What Happens:

      In this guided inquiry, students investigate hypothesized inhibitory effects of Eastern Hemlock trees on the establishment of neighboring woody plants. First, students travel to the study area (Hope College Biology Nature Preserve - a 50 acre parcel of beech-maple "dune" forest) and observe spatial distribution patterns of seedlings that could be explained by competitive inhibition. Following an hour or so of observations, students collect raw data on the occurrence of woody seedlings beneath adult Eastern Hemlock vs. neighboring forest patches under adult American Beech (Fagus grandifolia) and/or Sugar Maple (Acer saccharus). Class data is pooled, and the entire class performs a paired-samples t-test which, at our site, shows a significant reduction of woody seedlings beneath Eastern Hemlock as compared with adjacent sites beneath beech or maple. Next, students are challenged to design a follow-up field and/or lab investigation of interest to them (and that we approve) to explore two alternative hypotheses to explain the initial results. Both hypotheses involve competitive inhibition, but one hypothesis must invoke some form of allelopathic cause for the distribution differences, and the second hypothesis must propose a non-allelopathic mechanism (e.g. light quality and/or availability, differences in soil chemistry and/or physical characteristics, differences in leaf litter under different tree canopies, etc.). Students then spend about 3 weeks to collect and analyze their data, and present their results in an in-class symposium.



Lab Objectives:

     At the conclusion of this multiweek lab, students will:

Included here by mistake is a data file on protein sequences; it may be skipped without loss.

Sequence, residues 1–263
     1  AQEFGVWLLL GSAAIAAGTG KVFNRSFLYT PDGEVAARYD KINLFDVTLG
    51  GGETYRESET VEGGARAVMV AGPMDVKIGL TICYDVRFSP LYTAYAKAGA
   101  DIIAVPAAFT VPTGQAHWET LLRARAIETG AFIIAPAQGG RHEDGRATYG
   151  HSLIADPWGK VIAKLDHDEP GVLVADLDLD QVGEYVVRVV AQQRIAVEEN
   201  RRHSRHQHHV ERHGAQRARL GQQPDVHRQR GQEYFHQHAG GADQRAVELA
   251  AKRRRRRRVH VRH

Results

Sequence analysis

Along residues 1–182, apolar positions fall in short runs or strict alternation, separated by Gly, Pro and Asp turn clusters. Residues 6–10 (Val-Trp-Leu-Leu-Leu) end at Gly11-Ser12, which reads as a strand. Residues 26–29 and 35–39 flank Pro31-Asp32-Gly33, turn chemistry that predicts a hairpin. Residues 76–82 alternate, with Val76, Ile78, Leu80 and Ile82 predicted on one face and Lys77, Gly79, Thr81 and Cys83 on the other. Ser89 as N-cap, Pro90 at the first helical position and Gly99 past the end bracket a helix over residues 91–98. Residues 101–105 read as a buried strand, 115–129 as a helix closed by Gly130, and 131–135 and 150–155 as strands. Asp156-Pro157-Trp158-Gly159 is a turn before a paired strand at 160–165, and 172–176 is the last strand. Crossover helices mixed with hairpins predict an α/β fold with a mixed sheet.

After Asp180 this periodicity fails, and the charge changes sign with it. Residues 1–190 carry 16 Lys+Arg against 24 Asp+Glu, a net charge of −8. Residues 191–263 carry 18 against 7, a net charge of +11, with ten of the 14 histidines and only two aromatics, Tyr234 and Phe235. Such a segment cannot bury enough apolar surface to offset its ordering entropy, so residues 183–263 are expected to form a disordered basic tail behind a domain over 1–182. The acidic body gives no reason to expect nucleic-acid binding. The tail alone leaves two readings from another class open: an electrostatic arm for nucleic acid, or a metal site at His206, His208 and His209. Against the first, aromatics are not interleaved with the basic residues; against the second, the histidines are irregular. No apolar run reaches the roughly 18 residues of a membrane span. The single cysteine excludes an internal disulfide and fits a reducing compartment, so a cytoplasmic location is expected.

1. have a basic understanding of competitive interactions among members of a plant community and the ecological and evolutionary consequences of such interactions to plant community structure,

  2. have designed and carried out experiments that are derived from two different, alternative hypotheses for the same observed, ecological pattern. They will gain experience evaluating their own methods, results, and conclusions in light of peer researcher's experiments. They will engage in oral and written communication about their scientific findings and discuss outcomes with peer researchers who have investigated yet different alternative hypotheses for the same pattern,

  3. master identification of several native trees of eastern deciduous forest,

  4. gain experience in the use of appropriate field and laboratory technology and instrumentation and will improve their ability to use computer software programs for statistics, graphics, and presentations,

  5. gain further experience with scientific writing and with review and critique of primary scientific literature.



Equipment/ Logistics Required:



Summary of What is Due:

     From this multiweek lab, students submit

  1. data from the first field lab (Q - do the densities of woody seedlings and/or saplings differ beneath Eastern Hemlock versus Sugar Maple or American Beech)?

  2. one-page report describing the statistical analysis and results of the first field lab,

  3. one-page research proposal,

  4. potential literature cited section, turned in one month prior to the written report due date, with a minimum of 12 primary literature citations,

  5. progress report (interview form, about 2 weeks before their final report is due),

  6. clearly labeled copies of original data,

  7. scientific lab report in the format of "Ecology" and composed according to the guidelines below,

  8. oral presentation during an in-class symposium,

  9. (optional) - written questions concerning the presentations of other groups, and

  10. letter grade (A, B, C, D, F) of their choice for the lab activity and a brief written explanation of the grade given,



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